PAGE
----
First Nations in Vancouver: Things to See and Do


With its lush, coastal rainforests and aboriginal heritage, Vancouver is a place of lore, legend and deep-rooted history. First Nations culture is prevalent throughout the city, keeping ancient traditions and stories alive with vibrantly colored totem poles, cultural centres, museums and contemporary art galleries. Experience the city’s rich First Nations history and heritage with these outdoor excursions and cultural adventures.


As Canada’s largest teaching museum, the UBC Museum of Anthropology houses more than 570,000 ethnographic and archaeological objects from around the world, 6,000 of which are from B.C.’s First Nations. Take a guided tour through the museum and learn about tribal cultures throughout North America, while viewing artifacts such as hunting tools, headdresses, hand-carved figurines and an array of intricate, hand-woven baskets. The MOA also features contemporary First Nations artwork and totem poles created by renowned artists such as Bill Reid, Doug Cranmer and Teddy Balanga.

To learn about Squamish and Lil’wat Aboriginal people, make the two-hour drive up to Whistler, B.C., where the Squamish Lil’wat Cultural Centre celebrates the partnership between these two northwestern cultures. Take a guided or self-guided tour through the museum and contemporary galleries, watch traditional dances and songs, and walk through two outdoor dwellings: the cedar Squamish longhouse and the Lil’wat Istken, an underground pit dwelling with a moss roof.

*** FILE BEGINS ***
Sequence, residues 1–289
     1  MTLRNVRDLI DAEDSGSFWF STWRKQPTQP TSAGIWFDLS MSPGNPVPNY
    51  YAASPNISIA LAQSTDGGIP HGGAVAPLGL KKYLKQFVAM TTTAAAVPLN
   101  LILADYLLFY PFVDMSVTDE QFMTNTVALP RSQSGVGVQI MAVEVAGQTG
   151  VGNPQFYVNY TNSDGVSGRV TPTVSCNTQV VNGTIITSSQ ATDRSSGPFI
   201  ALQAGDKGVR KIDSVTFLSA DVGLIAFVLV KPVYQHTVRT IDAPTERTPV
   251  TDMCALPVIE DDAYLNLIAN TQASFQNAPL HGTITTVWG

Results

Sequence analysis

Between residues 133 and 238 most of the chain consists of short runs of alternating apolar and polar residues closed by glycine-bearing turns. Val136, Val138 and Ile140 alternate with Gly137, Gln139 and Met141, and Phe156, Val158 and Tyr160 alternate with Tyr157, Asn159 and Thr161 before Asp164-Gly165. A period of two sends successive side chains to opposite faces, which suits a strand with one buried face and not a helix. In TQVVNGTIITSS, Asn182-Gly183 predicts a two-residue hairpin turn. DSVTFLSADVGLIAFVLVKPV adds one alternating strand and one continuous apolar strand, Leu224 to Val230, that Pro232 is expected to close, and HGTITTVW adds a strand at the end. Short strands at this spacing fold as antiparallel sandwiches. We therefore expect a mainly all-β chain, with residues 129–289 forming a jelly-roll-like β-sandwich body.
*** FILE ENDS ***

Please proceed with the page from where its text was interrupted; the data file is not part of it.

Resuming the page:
From colorfully painted totem poles to intricate stone carvings, First Nations artwork is readily visible in galleries throughout the city. To see some of these iconic cultural pieces, start at the Bill Reid Gallery of Northwest Coast Art, located in downtown Vancouver. Named after acclaimed Canadian artist Bill Reid, this public art gallery displays Reid’s bronze sculptures, gold and silver jewelry, and a full-scale totem pole carved by James Hart, in celebration of Reid.

To see and purchase coastal artwork and jewelry such as cedar ceremonial masks, whalebone carvings and silver bracelets created by local indigenous artists, visit one of the many aboriginal art galleries.


During the summer months, Vancouver is the perfect city to head outdoors and enjoy the warm weather, the natural landscape and authentic First Nations experiences. Escape to the woodland setting of Stanley Park, where you can see towering totem poles and take part in interactive activities at the Klahowya Aboriginal Village. Watch tribal dance performances, indulge in aboriginal cuisine, listen to legends and lore at the storytelling circle and ride the Spirit Catcher Train through Stanley Park’s forest as you hear about Aboriginal history and culture.

For breathtaking views of the Pacific Northwest rainforest, take a walk along the Capilano Suspension Bridge, a 137-meter-long (450-foot-long) bridge above the Capilano River that is one of Vancouver’s most popular tourist attractions. Along with this thrilling view of B.C.’s lush forests, the park also features eco tours, First Nations cedar chiseling demonstrations and a treetops adventure consisting of a series of suspension bridges and tree perches. Take a picture next to colorful totem poles in Totem Park, or stop in the Kia’palano First Nations cultural center, where you can learn about their culture and heritage, as well as watch weaving and beadwork demonstrations.


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